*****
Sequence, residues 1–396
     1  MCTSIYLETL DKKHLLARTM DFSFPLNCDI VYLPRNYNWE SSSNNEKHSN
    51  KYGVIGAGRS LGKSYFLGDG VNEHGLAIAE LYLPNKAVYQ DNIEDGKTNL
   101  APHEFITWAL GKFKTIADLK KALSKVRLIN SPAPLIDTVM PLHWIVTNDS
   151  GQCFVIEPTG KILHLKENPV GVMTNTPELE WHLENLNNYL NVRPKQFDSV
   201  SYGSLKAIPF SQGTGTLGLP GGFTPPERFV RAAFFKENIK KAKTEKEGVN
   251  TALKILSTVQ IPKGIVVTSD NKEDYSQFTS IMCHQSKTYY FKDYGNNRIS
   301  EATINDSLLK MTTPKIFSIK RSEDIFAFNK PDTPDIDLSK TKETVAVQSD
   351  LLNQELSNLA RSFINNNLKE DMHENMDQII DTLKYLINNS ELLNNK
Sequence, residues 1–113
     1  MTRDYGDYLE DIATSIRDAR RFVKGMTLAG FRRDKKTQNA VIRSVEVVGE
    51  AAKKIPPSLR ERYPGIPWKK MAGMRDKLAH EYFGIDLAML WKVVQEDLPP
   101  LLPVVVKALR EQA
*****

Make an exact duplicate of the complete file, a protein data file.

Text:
Sequence, residues 1–396
     1  MCTSIYLETL DKKHLLARTM DFSFPLNCDI VYLPRNYNWE SSSNNEKHSN
    51  KYGVIGAGRS LGKSYFLGDG VNEHGLAIAE LYLPNKAVYQ DNIEDGKTNL
   101  APHEFITWAL GKFKTIADLK KALSKVRLIN SPAPLIDTVM PLHWIVTNDS
   151  GQCFVIEPTG KILHLKENPV GVMTNTPELE WHLENLNNYL NVRPKQFDSV
   201  SYGSLKAIPF SQGTGTLGLP GGFTPPERFV RAAFFKENIK KAKTEKEGVN
   251  TALKILSTVQ IPKGIVVTSD NKEDYSQFTS IMCHQSKTYY FKDYGNNRIS
   301  EATINDSLLK MTTPKIFSIK RSEDIFAFNK PDTPDIDLSK TKETVAVQSD
   351  LLNQELSNLA RSFINNNLKE DMHENMDQII DTLKYLINNS ELLNNK
Sequence, residues 1–113
     1  MTRDYGDYLE DIATSIRDAR RFVKGMTLAG FRRDKKTQNA VIRSVEVVGE
    51  AAKKIPPSLR ERYPGIPWKK MAGMRDKLAH EYFGIDLAML WKVVQEDLPP
   101  LLPVVVKALR EQA